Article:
Division 1 Report, File 0912538881496.12.67
NewEdo’s transportation grid is dominated by its extensive train system. With infrastructure that generally predates cars, most of the city was not originally built to facilitate road traffic of sufficient volume to be convenient for the metropolis’s 50-million-plus population. Newer or heavily redeveloped Districts like The Walk and Glittertown have retrofitted surface networks to accommodate personal vehicles, but vast swathes of the city continue to be served almost exclusively by public transportation.
To get from one District to another, the most efficient (relative to both time and energy) method is by far the NewEdo Train Network (NTN). With six primary lines - the Central, Coastal, Edo, Fuji, Owari, and Tokaido - nine spurs, and hundreds of stations, NTN services 83% of the city. Trains run above and below ground depending on topography and geology, so a train that you boarded in the sixth subbasement of a Downtown office tower might cross the Waneda River on a bridge suspended below road traffic then arrive at your stop in The Crossing at a platform built into the third floor of a shopping mall. The NTN network is dense, overlapping, and often confusing, but it can get knowledgeable riders across town faster than any other mode of transport barring a helicopter (and, arguably, the Skytrain; see below). Trains are all electric, running on powered tracks but equipped with backup batteries to provide at least five hours of service in a blackout emergency. NTN is owned 51% by the state and 49% by a conglomerate of private families and businesses who helped build the system over the past two centuries.
Competing directly with the NTN is the Metro Bus Service (MBS). With its fleet of thousands of road vehicles in a variety of shapes and sizes, MBS advertises that it services the parts of NewEdo that NTN can’t or won’t, while still attempting to expand its influence through areas of the city with perfectly adequate train coverage. MBS started as a community effort to bring underserved sections of the population closer to stations on the NTN and, as such, has a strong foothold in many of NewEdo’s less glamorous Districts like the suburbs of Calico and Saito, the workshops of Handakawa, and the industrial era crescent between Mad City and Port Velasis. Where NTN presents itself as a public service by the state, MBS is proudly independent, owned by a joint venture between Clan Hotomori (and, presumably, its Yunyosha Syndicate connections) and Saiko Corp, the vehicle manufacturer. In its core service areas, MBS drivers are known to be somewhat… protective of their territory, and personal vehicles sharing the road with MBS buses run a solid chance of (minor) collision. Laws that enshrine the population’s right of access to convenient transportation generally protect MBS in all but the most egregious of road warrior incidents.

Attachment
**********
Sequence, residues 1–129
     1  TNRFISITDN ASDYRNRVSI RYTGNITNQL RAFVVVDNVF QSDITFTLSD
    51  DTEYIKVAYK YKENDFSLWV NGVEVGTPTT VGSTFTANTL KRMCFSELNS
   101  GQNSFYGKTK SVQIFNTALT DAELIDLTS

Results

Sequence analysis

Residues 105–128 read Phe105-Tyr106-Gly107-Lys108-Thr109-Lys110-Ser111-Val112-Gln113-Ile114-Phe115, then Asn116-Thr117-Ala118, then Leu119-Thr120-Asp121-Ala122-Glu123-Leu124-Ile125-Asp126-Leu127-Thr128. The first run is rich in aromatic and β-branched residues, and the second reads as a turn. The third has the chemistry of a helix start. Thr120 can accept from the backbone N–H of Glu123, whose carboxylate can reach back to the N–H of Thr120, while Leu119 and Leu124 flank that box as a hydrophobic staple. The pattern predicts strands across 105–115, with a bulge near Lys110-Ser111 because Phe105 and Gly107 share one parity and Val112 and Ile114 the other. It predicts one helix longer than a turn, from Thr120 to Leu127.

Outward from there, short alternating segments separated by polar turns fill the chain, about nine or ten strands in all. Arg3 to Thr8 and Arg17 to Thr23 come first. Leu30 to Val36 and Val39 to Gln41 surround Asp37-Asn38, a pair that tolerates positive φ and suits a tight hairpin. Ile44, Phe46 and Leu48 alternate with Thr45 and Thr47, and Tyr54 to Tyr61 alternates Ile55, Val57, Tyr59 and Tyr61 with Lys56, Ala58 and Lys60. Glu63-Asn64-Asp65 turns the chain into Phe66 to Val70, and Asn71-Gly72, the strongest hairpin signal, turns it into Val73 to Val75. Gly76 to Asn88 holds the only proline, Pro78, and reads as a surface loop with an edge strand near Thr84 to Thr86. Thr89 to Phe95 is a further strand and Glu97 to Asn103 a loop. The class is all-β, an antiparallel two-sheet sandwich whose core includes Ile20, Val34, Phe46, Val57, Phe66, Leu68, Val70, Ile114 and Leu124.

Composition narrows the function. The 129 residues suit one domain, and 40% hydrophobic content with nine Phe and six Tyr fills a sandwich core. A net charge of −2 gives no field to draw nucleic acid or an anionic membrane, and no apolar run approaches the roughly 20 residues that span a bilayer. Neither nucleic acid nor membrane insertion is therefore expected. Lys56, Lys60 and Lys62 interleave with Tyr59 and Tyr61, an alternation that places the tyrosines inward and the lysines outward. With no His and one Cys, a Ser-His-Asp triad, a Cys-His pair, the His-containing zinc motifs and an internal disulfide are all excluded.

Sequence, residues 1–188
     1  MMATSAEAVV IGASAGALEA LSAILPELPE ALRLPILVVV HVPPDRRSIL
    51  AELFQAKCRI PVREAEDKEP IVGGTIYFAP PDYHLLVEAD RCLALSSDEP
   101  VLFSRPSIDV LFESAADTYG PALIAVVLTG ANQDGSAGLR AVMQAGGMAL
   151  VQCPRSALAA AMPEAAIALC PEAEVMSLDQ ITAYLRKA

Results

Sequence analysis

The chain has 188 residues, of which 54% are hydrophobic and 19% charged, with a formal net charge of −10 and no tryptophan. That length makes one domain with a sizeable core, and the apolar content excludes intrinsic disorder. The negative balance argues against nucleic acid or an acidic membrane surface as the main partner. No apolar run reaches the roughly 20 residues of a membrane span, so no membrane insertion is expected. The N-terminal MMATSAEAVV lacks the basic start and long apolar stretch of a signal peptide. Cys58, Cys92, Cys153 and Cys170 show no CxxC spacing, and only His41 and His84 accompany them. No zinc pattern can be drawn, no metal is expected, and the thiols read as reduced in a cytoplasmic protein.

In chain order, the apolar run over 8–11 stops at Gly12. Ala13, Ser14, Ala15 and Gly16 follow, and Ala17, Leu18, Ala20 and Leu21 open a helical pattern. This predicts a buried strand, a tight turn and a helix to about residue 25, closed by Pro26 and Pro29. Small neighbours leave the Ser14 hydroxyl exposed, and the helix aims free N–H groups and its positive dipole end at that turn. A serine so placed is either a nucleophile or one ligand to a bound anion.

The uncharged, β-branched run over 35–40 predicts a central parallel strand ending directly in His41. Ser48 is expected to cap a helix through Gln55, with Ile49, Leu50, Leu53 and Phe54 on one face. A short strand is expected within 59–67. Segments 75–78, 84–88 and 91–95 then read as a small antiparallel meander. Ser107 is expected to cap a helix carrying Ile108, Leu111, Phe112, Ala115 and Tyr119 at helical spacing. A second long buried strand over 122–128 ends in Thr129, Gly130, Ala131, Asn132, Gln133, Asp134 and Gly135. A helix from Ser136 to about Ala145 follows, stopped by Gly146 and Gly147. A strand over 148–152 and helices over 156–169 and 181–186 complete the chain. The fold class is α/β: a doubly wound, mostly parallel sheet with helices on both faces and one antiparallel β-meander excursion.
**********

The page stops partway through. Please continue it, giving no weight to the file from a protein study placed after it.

The newest addition to NewEdo’s transportation grid is the Lanley Skytrain, a suspended maglev rail that soars through the city five storeys above the street. The Skytrain project began twenty years ago, in response to the opening of Kikuchi Airport (which threw the city’s otherwise well established transportation network into some confusion). Owned by the Kikuchi family, with infrastructure built by Tiger Kumitate, and running trains designed and manufactured by Kinumoto Light Industries, the Skytrain went from concept to completion in less than three years. It serves a corridor between Kikuchi Airport and the Metro Special Ward, granting convenient airport access to the city’s municipal core of influence. Skytrain tickets aren’t cheap and security is strong, giving riders a sense of entitlement usually unavailable on mass transit.
The road network in NewEdo is convoluted. Newer Districts have sufficient dedicated roadways to make personal vehicles a viable form of transportation, at least within those Districts. The Walk, The Hills, parts of Downtown, Glittertown, most of Akiba, and the Kashi Trade Zone all have modernized surface grids that support personal vehicle traffic. And while you can get almost anywhere in the city in a personal vehicle, the traffic patterns and road infrastructure throughout most of NewEdo make that prospect one that places a much higher value on prestige or privacy than efficiency or convenience. With street patterns that evolved from pre-modern plans based on topography, tax codes, and geomancy, much of NewEdo is a hassle to navigate by car, and drivers are forced to contend with buses and delivery trucks which have the legal right of way.
In contrast to the public road system, there’s an efficient commercial highway system that connects all of the city’s main economic Districts called the Special Inter Network Express (or SpINE). The SpINE comprises long, wide, sections of highway where trucks and some buses are controlled by a central routine that maximizes speed and safety. Personal vehicles are prohibited on the SpINE and most modern intelligent vehicles shut down if forced to approach any of the network’s access points. In rare cases where local emergency services are insufficient for any given incident, emergency vehicles can use the SpINE to quickly get across town. NEOSAMA, the city’s pseudo-paramilitary police enforcement unit, has unrestricted access to the SpINE.
Information on NewEdo’s canal network is not publicly available. Authorized users can refer to entry 0000045529127.00.14 for details.